Computer aimed weapons will be filtering down to the squad level eventually, too. Pop-up tripod mounted guns that are remotely aimed by a human have uncanny accuracy with current technology. Stuff like this would have ended trench warfare instantly. Mobility is its weakness, but as a defensive weapon or for posting up on the fence line as the squad flushed out targets, it would have its place.
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Unread post09 Aug 2017, 16:15

6.8mm SPC II, problem solved. (Of course they'd still find a way to spend tens of millions of dollars "studying" an already well known and existing round. :bang: )
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Unread post09 Aug 2017, 20:30

Look at the Cased Telescoped Ammo.

In the most Recent PDF that I can find, it has a 6.5mm CT Cartridge that outperforms our current 7.62x51mm NATO in every Ballistic spec including weight of ammo.

There's no reason for this change to 7.62x51mm

We need to start ramping up for CT Ammo as soon as possible and start leveraging platform advantages and mass production capability.

CT Ammo is the future.

Plus we can optimize the new Rifles, Machine Guns, Bullets, Powder, etc.

http://www.dtic.mil/ndia/2016/armament/ ... illips.pdf

I already have program outline for replacing everything from PDW sized weapon all the way up to 20mm Anti-Material rounds.

Everything optimized for Maximum Magazine Volume, Muzzle Energy, Ballistic Efficiency, reasonable weight, maximum reliability, etc.

If we partner with our NATO allies, we can get better Mass Production Benefits / Unified and Shared Weapons Development costs.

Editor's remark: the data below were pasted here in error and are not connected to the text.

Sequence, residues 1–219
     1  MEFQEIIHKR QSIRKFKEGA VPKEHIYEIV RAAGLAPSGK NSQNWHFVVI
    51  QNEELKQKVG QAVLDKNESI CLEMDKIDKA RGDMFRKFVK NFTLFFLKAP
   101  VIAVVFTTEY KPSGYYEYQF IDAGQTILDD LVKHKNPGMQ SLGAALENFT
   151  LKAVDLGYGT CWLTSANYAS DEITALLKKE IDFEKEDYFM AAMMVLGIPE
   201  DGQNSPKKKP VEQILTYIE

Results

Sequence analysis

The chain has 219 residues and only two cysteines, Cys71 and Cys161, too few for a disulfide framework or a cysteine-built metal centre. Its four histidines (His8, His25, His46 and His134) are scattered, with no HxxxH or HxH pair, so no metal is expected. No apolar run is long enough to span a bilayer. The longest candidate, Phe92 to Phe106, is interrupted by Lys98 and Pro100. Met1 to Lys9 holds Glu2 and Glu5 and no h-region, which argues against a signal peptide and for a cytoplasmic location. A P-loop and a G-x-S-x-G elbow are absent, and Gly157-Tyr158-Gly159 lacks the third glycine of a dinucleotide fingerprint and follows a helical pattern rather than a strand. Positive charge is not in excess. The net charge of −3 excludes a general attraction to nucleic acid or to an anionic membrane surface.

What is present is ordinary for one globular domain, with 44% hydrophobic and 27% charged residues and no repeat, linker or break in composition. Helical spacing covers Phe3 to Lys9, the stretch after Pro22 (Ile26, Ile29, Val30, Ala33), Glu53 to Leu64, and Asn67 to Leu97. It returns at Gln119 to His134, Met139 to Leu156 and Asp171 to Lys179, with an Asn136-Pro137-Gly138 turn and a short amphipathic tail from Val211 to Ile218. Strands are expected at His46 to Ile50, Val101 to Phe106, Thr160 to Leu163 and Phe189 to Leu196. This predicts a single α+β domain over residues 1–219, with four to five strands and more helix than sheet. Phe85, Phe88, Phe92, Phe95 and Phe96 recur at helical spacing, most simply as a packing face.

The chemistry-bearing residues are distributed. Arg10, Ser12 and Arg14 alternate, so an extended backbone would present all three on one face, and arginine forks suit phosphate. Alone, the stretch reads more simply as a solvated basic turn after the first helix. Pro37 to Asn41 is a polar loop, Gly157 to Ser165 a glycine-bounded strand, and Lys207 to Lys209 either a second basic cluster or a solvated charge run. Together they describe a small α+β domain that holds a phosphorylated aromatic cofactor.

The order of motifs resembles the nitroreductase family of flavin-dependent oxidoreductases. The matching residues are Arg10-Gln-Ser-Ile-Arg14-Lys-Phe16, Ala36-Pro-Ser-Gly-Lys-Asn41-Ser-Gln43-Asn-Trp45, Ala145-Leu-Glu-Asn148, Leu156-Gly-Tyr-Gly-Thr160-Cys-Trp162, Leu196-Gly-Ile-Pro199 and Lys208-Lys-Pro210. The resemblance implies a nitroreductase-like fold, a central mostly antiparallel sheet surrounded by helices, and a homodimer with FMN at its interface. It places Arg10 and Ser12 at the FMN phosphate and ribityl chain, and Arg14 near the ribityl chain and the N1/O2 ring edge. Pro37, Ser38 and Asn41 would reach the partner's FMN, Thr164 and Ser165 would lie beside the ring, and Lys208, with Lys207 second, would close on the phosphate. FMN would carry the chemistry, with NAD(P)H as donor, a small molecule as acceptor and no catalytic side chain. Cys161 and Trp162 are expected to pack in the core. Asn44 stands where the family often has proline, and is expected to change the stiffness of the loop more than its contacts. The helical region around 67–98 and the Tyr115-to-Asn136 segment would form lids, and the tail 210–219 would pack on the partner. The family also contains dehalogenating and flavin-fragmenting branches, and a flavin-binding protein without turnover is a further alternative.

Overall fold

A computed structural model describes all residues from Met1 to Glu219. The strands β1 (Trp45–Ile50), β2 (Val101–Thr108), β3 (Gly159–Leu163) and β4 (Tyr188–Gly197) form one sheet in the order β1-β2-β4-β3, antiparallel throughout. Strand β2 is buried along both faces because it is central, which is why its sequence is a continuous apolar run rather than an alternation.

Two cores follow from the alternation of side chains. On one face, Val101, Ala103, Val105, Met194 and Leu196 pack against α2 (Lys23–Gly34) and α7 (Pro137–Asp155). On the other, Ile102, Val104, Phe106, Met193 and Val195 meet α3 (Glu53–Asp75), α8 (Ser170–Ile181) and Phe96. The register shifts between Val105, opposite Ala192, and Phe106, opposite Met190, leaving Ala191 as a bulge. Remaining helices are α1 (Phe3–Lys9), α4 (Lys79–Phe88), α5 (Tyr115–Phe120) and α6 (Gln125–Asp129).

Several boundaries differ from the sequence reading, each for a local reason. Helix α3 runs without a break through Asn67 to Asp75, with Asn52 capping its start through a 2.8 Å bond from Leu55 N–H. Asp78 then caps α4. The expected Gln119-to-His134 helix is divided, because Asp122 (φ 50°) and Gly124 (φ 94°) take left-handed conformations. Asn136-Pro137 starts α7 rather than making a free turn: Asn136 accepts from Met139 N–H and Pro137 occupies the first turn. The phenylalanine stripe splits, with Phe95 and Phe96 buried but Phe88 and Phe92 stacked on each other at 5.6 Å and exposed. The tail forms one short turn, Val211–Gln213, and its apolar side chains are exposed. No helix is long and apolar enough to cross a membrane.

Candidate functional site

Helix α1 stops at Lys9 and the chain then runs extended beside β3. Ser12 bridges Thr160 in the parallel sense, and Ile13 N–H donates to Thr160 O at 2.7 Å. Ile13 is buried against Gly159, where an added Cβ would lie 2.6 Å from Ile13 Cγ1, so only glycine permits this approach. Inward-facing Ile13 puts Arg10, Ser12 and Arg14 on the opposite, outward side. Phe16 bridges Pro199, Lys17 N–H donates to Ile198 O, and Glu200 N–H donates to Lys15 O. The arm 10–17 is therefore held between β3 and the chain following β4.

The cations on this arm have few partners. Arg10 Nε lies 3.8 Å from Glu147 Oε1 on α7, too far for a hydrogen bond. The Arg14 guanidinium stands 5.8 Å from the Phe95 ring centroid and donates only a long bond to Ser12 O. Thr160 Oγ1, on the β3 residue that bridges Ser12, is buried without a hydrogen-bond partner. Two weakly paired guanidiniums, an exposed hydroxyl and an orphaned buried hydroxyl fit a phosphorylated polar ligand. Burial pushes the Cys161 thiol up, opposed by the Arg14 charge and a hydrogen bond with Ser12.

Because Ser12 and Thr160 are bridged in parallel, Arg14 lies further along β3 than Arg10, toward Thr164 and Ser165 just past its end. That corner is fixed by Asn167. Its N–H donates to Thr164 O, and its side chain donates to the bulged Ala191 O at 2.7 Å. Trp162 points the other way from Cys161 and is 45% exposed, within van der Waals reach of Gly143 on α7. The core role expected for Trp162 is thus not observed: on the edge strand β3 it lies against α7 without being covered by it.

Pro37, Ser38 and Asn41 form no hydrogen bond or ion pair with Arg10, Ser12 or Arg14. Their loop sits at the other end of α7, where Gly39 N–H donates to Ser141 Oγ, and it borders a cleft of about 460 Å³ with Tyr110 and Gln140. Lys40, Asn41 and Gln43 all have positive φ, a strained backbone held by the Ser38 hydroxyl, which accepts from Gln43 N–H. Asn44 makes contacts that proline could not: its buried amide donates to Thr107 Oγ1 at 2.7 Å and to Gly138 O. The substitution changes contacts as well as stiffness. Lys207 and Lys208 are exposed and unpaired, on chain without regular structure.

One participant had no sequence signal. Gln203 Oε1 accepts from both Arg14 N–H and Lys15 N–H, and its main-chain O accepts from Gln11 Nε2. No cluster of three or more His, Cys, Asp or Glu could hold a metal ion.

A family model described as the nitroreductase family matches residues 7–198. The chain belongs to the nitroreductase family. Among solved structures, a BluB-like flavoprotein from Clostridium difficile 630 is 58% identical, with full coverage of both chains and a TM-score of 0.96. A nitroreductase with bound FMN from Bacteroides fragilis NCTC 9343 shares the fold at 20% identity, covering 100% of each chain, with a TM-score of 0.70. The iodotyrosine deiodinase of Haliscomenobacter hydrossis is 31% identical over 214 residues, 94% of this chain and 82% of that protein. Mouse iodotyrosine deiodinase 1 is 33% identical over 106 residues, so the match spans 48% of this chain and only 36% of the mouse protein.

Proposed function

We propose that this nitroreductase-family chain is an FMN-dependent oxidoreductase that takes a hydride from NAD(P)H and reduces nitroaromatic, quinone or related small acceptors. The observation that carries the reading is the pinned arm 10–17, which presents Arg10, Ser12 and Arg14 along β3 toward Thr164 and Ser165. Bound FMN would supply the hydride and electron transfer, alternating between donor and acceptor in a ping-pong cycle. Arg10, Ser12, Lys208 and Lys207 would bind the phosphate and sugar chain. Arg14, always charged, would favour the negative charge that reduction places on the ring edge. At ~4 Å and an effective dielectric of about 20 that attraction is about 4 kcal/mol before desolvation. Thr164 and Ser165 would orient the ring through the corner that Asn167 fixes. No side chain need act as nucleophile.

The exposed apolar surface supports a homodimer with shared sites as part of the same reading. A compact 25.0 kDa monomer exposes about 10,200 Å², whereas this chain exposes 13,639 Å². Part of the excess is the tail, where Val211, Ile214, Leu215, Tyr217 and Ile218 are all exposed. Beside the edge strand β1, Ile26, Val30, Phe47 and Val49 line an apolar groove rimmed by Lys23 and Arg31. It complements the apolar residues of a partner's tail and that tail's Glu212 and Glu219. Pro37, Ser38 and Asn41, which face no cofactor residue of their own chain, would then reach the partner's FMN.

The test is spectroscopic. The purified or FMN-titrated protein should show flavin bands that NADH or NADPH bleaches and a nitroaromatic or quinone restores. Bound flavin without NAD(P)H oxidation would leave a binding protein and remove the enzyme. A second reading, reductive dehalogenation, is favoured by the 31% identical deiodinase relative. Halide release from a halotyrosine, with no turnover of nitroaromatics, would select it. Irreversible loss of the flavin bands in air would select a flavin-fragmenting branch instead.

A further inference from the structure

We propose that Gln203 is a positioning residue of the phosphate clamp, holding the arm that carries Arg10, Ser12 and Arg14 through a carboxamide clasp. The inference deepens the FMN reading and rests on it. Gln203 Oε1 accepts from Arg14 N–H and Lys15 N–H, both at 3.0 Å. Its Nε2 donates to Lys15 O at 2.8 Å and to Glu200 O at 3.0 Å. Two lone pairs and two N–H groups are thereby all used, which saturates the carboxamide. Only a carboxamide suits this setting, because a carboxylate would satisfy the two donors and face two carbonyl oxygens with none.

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Unread post09 Aug 2017, 23:24

f-16adf wrote:I understand for CQB the M4 barrel is 14.5 inch, if they want the 5.56 to have improved penetrating power why don't they adopt a longer barrel/ with a free float handguard (cost)? I understand the M-16's 20 inch barrel is too long, yet it has improved velocity over the 14.5 inch model. Maybe around 17 inches or even 18; Or I guess they could try a bullpup (I have fired the Tavor, but not too impressed by it).



The issue between the carbine sized M4 and full length rifle M16 is a bit of a non issue now with current M855A1 EPR. The impetus for the US Army's wide adoption of the M4 (now M4A1 for active units) came out of experience and operations in Iraq. Before that most infantry units (other than airborne and air assault dedicated units) had a hodge-podge of M16 and M4s. Vehicle and urban operations demand a shorter weapon. What was found that the shorter barrel of the M4 reduced the performance of the older M855 (commonly referred to by troops as "green tip") which was optimized for the longer barrel profile of the M16. The reduced muzzle velocity of out of the 14.5inch barrel of the M4 resulted in inconsistent wounding effects as the 5.56 round is dependent on yawing or fragmentation to have the optimal effect on soft targets (people). Testing and field reports often showed that the M855 out of the M4 would "ice-pick" the intended target.

AARs coming out of Iraq and Afghanistan around the M4 and the M855 pushed the further development and fielding of the current M855A1 Enhanced Performance Round. The M855A1 addressed all the issues of the older M855 and greatly exceeds the M855 in all areas as well as being tailored for the M4 carbine...





https://www.youtube.com/watch?v=d8IvDPuVuho&t=230s

so the debate between a 14.5inch length barrel and the longer 20inch barrel is no longer existent should the M855A1 be a factor in it.
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Unread post10 Aug 2017, 00:29

You can get about 20-30% improvement in penetration comparing similar 5.56mm and 7.62x51mm rounds. So it's not trivial. On the other hand 7.62x51 comes with other trade-offs which make it less than ideal for the regular soldier. In any case, this tender is not for equipping every solider in a squad. It is likely for coming up with a more standardized approach to a marksman rifle as opposed to the many different types of guns used now.

To figure out whether its needed or not, one should consider what sort of body armor the enemy uses for their regular forces. Even most (if any) near-peer adversaries are not going to be as heavily armored as US Army soldier, and certainly none of what is faced in irregular forces are.